After the tour I explored the town of Currituck Beach which has a brick lighthouse. You can also walk to the top of this structure for a fee. Surrounding the lighthouse are historic houses and a gift shop. It is a shady place for a picnic lunch or stop by the North Carolina rib house nearby.
Onward to the Federal Park commerating the first in flight brothers, the Wrights. On this day they had a kite festival and children filled the museum taking in the sites with glee.
On US 1 north, shortly before the City of St. Augustine, stands Spanish soldiers on each side of the route. These soldiers protect the entrance to one of my favorite places in the area, Fort Mose. A small, serene, and scenic state park, it holds much history. The area was established as a refuge for Negro slaves in 1688. Then in 1738, with St. Augustine then under Spanish rule the King freed the slaves and had Fort Mose created for their protection.
While my short summation does not describe the many nuances of this period, a trip to the museum at the park surely does. The interactive exhibits will interest and intrigue young children, as well as adults wishing to learn of this colonial history. Cost of admission is $2 for adults with children under 6 free. The museum is open daily from 9 a.m.
Besides the museum there are trails to walk, places to picnic, and interesting vegetation to observe. Fort Mose also has several living history events throughout the year. In June there is a reenactment of the Bloody Battle of Fort Mose with uniformed soldiers and muskets firing. Then in February the Flight to Freedom reenactment has costumed participants explaining the journey to Fort Mose. Escaping slaves, bounty hunters, and priests tell their tale in blocking or assisting these individuals as they journeyed toward freedom.
Fort Mose is currently undergoing a $500,000. Capital Campaign to represent portions of the 1738 Fort and further develop their living history programs. I look forward to seeing the Park additions.
Among all the St. Augustine hoopla there is a quiet place to take a stroll, and sit awhile. This place is the Shrine of Our Lady of La Leche, and is a stop on both trolley routes. Here shade abounds and there is no need to be a Catholic to enjoy the peace.
Spanish explorers established St. Augustine, the oldest city in America, on September 8, 1565, the Feast of the Nativity of the Blessed Virgin Mary. The first mass was celebrated on the shores of the Shrine.
Later Franciscans brought the La Leche image to the Shrine in 1609, and devotion quickly spread as local Indians were converted. The current Shrine has been the center of devotion to those wishing to conceive, mothers to be, and mothers.
On the grounds are burial plots of the sisters who came to St. Augustine to teach the freed black slaves. There are also many statutes of saints, and a small chapel. The large cross on the property was a gift from the Pope on the 450th anniversary of the City of St. Augustine.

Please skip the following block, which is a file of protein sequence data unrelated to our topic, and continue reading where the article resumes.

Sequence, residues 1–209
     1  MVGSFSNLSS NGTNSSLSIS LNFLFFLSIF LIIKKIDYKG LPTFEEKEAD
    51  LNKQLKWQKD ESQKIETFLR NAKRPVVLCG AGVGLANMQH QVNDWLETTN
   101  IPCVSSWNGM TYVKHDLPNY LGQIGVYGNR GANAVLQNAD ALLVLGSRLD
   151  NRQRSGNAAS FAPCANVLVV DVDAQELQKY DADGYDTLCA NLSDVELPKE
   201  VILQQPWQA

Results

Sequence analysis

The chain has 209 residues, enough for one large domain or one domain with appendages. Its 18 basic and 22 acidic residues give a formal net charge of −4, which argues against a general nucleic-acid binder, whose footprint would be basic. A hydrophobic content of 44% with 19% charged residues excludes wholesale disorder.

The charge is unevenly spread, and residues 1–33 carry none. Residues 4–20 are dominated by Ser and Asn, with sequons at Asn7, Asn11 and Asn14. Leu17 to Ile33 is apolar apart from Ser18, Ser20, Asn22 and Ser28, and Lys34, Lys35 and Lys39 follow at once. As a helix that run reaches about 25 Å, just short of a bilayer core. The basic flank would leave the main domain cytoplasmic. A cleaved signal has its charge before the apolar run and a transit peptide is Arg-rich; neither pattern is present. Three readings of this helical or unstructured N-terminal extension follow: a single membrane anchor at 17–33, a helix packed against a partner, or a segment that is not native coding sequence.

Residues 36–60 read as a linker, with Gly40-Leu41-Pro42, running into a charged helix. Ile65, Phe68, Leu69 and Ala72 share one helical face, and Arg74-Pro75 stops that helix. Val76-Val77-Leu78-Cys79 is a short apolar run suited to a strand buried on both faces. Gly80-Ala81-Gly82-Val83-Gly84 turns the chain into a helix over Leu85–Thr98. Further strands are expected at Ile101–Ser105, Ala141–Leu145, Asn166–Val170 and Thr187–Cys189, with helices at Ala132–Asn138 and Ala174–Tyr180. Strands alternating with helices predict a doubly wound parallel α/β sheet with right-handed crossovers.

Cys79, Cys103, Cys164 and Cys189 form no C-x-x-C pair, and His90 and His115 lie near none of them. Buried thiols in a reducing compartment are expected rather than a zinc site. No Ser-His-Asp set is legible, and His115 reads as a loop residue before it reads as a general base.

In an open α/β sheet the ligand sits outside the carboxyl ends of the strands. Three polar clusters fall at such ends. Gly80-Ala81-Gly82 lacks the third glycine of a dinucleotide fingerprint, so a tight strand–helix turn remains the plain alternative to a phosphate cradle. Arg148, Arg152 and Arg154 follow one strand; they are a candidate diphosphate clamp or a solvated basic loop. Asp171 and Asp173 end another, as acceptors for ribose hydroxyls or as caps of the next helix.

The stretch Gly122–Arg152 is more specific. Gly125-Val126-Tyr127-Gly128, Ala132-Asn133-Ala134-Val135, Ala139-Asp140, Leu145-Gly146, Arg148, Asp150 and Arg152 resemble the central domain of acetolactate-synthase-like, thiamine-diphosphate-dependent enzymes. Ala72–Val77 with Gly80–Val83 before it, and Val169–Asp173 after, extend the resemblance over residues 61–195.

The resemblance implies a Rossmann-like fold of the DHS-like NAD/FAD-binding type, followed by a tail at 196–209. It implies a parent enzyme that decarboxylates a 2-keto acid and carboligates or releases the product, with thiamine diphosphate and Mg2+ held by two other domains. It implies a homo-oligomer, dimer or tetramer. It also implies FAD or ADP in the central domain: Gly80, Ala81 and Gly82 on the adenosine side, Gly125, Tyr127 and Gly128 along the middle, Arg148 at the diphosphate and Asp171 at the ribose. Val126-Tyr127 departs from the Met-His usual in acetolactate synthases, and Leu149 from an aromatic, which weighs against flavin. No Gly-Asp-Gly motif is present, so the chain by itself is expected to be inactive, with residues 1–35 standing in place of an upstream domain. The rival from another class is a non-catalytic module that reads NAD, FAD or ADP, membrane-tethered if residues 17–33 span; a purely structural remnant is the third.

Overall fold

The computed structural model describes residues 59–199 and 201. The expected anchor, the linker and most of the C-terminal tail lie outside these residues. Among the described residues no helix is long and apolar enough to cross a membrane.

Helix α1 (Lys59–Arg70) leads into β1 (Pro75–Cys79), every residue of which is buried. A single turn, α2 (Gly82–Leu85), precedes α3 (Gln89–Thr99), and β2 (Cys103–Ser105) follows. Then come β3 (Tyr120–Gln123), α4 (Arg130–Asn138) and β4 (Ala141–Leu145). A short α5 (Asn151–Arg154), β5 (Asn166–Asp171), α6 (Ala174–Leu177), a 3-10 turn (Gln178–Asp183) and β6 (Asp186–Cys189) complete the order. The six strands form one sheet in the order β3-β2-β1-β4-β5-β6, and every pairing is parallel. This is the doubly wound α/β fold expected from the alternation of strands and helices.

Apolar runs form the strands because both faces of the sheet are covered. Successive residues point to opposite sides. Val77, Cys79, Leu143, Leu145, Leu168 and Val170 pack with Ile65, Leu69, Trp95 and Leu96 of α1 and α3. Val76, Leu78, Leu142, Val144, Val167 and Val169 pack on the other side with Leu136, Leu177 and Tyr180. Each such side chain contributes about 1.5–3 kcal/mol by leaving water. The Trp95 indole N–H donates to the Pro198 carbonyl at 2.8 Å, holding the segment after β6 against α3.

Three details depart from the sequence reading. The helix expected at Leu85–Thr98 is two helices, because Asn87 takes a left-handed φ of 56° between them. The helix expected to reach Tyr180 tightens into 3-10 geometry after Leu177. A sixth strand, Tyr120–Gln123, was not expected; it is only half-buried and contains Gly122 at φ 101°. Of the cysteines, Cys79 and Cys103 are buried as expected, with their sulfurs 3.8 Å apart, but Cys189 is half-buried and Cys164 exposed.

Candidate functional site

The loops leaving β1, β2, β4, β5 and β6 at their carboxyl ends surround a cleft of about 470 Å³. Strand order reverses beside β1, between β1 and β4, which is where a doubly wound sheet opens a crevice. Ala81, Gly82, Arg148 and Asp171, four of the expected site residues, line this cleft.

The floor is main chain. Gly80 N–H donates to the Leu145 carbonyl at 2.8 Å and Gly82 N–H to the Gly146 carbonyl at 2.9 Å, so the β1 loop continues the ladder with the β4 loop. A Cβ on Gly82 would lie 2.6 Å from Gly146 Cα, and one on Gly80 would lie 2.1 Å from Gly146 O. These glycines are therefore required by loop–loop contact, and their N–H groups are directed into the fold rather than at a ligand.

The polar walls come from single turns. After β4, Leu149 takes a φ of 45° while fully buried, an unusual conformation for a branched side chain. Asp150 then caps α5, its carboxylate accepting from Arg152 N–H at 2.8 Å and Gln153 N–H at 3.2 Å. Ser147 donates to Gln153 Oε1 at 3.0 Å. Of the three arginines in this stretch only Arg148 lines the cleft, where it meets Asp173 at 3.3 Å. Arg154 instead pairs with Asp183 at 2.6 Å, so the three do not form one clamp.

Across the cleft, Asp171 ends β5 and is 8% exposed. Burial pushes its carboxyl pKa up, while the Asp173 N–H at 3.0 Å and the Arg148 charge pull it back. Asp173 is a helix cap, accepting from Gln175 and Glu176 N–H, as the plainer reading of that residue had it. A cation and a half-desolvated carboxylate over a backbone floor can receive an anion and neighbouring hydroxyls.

Directly off the main street is a larger church which is a convenient respite for those unable to walk to the grounds. This comfortable church has much beauty with air conditioning and bathrooms. Next to the church is a museum of interesting religious artifacts.
This area was hit hard with hurricanes and remains under renovation. Near completion is a retreat center, a new gift shop replacing that which was destroyed, and several other upgrades.
One of my 2 favorite spots in the St. Augustine area is Princess Place. This 1100 acre property was purchased from Spain by Francisco Pelletier in 1781, with ownership transferred in 1886 to Henry Mason Cutting, a man of wealth from New England. Located south of St. Augustine, Florida, on Kings Highway, it is maintained by Flagler County, and free of charge with donations accepted.
In 1887, Cutting built an Adirondack Camp Lodge on the property with servants quarters, tennis courts, a caretakers home, horse stables, as well as Florida’s first in ground swimming pool. Many visited the lodge, hunting the area with Mr. Cutting, and socializing with his wife, Angela Mills Cutting. Sadly, in 1892, he died leaving his widow with 2 young children to raise. She later remarried an exiled Russian prince, Boris Scherbatoff, (later changed to Scherbatow for fear of his life), hence the name change to Princess Place.
Descendants still live on the property which is open 7 days a week from 7 am to 6 pm. Fascinating tours of the home are given by park rangers Friday, Saturday, and Sunday at 2 pm. There is a movie about the property at the Visitor Center which is next to the Ranger Station on the side of the home. This is a must see.
Also on Kings Highway is the Florida Agriculture Museum, which is open Wednesday- Sunday 10-4. This is another fascinating trip in history telling the tale of the Cracker lifestyle. There is a charge, but worth the fee.
Tomorrow I will let you in on another St. Augustine area secret. Stay tuned.